熱潮紅持續的比預期更久


  【24drs.com】根據發表於婦產科(Obstetrics & Gynecology)期刊的研究結果,熱潮紅可能持續的比臨床實務認知的更久。
  
  賓州大學醫學院婦女健康與生殖研究中心、臨床流行病學與生物統計學中心婦產部Ellen W. Freeman博士等人寫道,停經後1年左右是發生熱潮紅的高峰期,但是熱潮紅的整體期間有多久則還不清楚。臨床指引指出,多數婦女的熱潮紅期間大約是6個月至2年。更多有關熱潮紅期間的資訊對於停經症候群的臨床處置相當重要。
  
  研究目標是估計中度到嚴重停經熱潮紅的發生期間,辨識熱潮紅期間的潛在風險因素,研究對象是「Penn Ovarian Aging Study」監測13年的婦女們。以9-12個月的間隔進行個人訪談,以評估熱潮紅情況。主要研究終點是對259名婦女的存活分析、估計中度到嚴重熱潮紅的期間,次級分析的對象是349名有任何熱潮紅的婦女。研究者評估了停經階段、年紀、種族、生殖荷爾蒙值、身體質量指數(BMI)、目前是否抽菸等與熱潮紅有關的潛在風險因素。
  
  中度到嚴重熱潮紅期間的中位數是10.2年,與開始停經階段有強烈關聯,剛邁入停經過度期間就開始熱潮紅者的期間中位數超過11.57年,早期過度階段時開始者則是7.35年(95%信心區間[CI]為4.94 - 8.89;P < .001),後期過度期到停經階段時開始者是3.84年(95% CI,1.77 -5.52;P < .001)。
  
  最常發生中度到嚴重熱潮紅的年紀是45-49歲,期間中位數為8.1年(95% CI,5.12 - 9.28)。根據校正分析結果,相較於白人婦女,非裔婦女的熱潮紅期間較長。
  
  研究作者寫道,熱潮紅的期間中位數超過一般臨床實務的認知。檢視的風險因素中,特別是停經階段、種族、BMI,對於考慮個人或治療與評估荷爾蒙治療或其他療法的風險與利益都很重要。
  
  研究限制包括,因為使用存活分析,可能高估了熱潮紅期間;某些熱潮紅的原因可能不是停經;未納入使用荷爾蒙治療的婦女;無法一般化到其他族群。
  
  研究作者結論表示,血管收縮症狀治療或許應針對比較年輕、月經不規則婦女,傳統荷爾蒙治療則不是此類族群的理想選項,例如,突破性出血和需要避孕等問題。需要評估其他的熱潮紅療法,特別是尚未停經的婦女。種族和身體質量指數也會顯著影響熱潮紅期間,對於個人化療法的考量也很重要,特別是預期的熱潮紅期間比目前建議的荷爾蒙治療期間更久時。
  
  資料來源:http://www.24drs.com/professional/list/content.asp?x_idno=6509&x_classno=0&x_chkdelpoint=Y
  

Hot Flushes Last Much Longer Than Expected in Practice

By Laurie Barclay, MD
Medscape Medical News

April 26, 2011 — Hot flushes may last longer than generally accepted in clinical practice, according to the results of a study reported in the May issue of Obstetrics & Gynecology.

"The peak prevalence of hot flushes occurs approximately 1 year after menopause, but the overall duration of hot flushes is unclear," write Ellen W. Freeman, PhD, from the Department of Obstetrics/Gynecology, the Center for Clinical Epidemiology and Biostatistics, and the Center for Research in Reproduction and Women's Health at the School of Medicine, University of Pennsylvania in Philadelphia, and colleagues. "Clinical guidelines indicate that the duration of hot flushes for most women is approximately 6 months to 2 years....Increased information about the duration of hot flushes is important for the clinical management of menopausal symptoms."

The goal of the study was to estimate the duration of moderate to severe menopausal hot flushes and to identify potential risk factors for hot flush duration among women monitored for 13 years in the Penn Ovarian Aging Study. In-person interviews at 9- to 12-month intervals allowed assessment of hot flushes. Duration of moderate to severe hot flushes, as estimated by survival analysis in 259 women, was the main study endpoint, and a secondary analysis was performed in 349 women who reported any hot flushes. The investigators evaluated menopausal stage, age, race, reproductive hormone levels, body mass index (BMI), and current smoking as potential risk factors associated with hot flushes.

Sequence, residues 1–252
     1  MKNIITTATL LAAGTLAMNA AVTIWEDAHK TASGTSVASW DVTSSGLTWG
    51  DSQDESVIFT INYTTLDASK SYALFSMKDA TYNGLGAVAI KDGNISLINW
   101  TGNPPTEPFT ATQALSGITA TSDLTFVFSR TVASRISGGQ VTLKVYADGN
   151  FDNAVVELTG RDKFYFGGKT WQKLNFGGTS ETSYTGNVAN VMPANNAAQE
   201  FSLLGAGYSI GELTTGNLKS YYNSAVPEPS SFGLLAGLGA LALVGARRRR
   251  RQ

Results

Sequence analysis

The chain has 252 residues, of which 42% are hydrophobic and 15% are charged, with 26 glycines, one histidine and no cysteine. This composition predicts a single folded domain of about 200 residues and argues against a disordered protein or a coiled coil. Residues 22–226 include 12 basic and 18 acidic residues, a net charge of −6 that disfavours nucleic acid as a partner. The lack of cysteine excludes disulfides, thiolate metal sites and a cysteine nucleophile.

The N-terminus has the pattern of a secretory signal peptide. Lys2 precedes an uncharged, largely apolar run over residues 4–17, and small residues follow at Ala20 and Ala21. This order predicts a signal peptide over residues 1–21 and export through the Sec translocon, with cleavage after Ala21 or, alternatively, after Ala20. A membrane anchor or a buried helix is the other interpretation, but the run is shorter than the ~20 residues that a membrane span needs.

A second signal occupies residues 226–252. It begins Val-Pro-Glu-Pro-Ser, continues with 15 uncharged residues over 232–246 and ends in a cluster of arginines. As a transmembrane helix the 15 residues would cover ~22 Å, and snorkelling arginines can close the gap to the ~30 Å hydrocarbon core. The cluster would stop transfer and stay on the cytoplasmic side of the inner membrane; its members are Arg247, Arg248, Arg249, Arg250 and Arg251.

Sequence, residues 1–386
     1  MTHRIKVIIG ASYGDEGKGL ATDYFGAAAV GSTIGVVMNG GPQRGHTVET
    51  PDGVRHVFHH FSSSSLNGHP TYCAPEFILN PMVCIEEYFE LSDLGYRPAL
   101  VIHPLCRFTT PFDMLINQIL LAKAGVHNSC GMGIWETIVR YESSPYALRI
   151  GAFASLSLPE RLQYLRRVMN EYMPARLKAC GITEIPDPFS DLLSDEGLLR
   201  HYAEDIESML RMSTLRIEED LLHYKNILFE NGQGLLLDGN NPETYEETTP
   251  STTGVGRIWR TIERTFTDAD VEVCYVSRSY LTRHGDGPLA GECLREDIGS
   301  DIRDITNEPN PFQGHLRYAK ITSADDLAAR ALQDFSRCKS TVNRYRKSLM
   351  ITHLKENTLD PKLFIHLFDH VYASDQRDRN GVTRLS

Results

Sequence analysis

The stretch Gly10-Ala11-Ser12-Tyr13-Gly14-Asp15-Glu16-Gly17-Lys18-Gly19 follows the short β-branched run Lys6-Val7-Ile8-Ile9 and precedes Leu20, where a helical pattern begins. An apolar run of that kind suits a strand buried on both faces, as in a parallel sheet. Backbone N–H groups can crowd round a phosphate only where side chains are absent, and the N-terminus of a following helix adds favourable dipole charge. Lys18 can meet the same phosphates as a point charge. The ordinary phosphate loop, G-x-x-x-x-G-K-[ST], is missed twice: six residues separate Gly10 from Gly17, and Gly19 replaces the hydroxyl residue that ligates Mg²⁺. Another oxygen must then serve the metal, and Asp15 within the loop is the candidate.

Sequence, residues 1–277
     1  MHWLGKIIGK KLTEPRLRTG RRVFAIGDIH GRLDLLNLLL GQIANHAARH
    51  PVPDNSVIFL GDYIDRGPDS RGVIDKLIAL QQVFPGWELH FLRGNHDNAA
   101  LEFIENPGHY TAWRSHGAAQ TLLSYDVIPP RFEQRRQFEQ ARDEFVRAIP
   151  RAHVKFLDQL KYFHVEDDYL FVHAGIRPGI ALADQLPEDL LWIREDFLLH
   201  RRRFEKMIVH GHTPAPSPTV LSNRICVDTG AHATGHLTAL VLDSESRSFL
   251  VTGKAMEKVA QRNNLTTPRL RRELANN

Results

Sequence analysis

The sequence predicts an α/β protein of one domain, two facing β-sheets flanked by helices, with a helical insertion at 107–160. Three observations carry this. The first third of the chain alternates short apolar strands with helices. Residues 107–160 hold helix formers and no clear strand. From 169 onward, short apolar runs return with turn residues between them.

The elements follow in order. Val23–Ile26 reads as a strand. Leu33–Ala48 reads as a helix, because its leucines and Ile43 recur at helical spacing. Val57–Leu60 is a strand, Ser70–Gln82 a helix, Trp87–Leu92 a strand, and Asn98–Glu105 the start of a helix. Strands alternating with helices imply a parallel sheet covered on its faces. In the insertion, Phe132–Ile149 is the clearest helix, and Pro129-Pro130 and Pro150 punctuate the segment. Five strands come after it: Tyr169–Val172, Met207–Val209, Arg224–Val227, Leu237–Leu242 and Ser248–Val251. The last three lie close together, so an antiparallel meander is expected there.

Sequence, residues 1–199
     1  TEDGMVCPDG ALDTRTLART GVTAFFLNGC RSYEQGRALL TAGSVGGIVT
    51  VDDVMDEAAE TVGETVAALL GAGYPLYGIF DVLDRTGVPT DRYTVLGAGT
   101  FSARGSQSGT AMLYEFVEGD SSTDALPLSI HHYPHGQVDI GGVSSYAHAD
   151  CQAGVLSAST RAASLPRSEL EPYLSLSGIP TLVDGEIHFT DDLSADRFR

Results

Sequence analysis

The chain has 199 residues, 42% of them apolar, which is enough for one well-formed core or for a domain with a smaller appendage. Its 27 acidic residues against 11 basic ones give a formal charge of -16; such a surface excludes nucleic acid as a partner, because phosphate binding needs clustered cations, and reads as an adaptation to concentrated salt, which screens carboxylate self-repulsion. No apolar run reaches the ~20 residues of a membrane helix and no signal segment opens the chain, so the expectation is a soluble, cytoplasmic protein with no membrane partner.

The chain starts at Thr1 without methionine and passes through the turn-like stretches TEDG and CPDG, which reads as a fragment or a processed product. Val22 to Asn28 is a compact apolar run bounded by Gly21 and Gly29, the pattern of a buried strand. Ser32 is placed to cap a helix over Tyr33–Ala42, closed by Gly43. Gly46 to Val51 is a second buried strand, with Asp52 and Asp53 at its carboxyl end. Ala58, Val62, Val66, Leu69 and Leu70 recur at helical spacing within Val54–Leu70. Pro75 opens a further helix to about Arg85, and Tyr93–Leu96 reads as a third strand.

The median duration of moderate to severe hot flushes was 10.2 years. Duration was strongly associated with menopausal stage at onset, with median duration of more than 11.57 years for hot flushes starting near entry into the menopause transition, 7.35 years (95% confidence interval [CI], 4.94 - 8.89; P < .001) for those beginning in the early transition stage, and 3.84 years (95% CI, 1.77 - 5.52; P < .001) for those beginning in the late transition to postmenopausal stages.

The most common ages at onset of moderate to severe hot flushes were 45 to 49 years, with median duration of 8.1 years (95% CI, 5.12 - 9.28). Compared with white women, African American women had a longer duration of hot flushes, according to results of an adjusted analysis.

"The median duration of hot flushes considerably exceeded the timeframe that is generally accepted in clinical practice," the study authors write. "The identified risk factors, particularly menopausal stage, race, and BMI, are important to consider in individualizing treatment and evaluating the risk-to-benefit ratio of hormones and other therapies."

Limitations of this study include possible overestimation of hot flush duration because of use of survival analysis, possible causation of some hot flushes by conditions other than menopause, exclusion of women using hormone therapy, and lack of generalizability to other populations.

"Perhaps treatments for vasomotor symptoms should be targeted more commonly to younger, irregularly menstruating women, although it must be recognized that traditional hormone therapy may not be the ideal choice for this population given, for example, the problems of breakthrough bleeding and the need for contraception," the study authors conclude. "Other treatments for hot flushes need to be evaluated, particularly for women who have not reached menopause. Race and body mass index also significantly influenced the duration of hot flushes and are important considerations in individualizing treatment, particularly when the predicted duration of hot flushes is substantially longer than the length of hormone therapy that is currently recommended."

The National Institutes of Health supported this study. Dr. Freeman has received research support from Forest Laboratories, Inc, Wyeth, Pfizer, and Xanodyne Pharmaceuticals. She has also received honoraria for consulting and presentations from Wyeth, Forest Laboratories, Inc, Pherin Pharmaceuticals, and Bayer HealthCare. The other study authors have disclosed no relevant financial relationships.

Obstet Gynecol. 2011;117:1095-1104.

    
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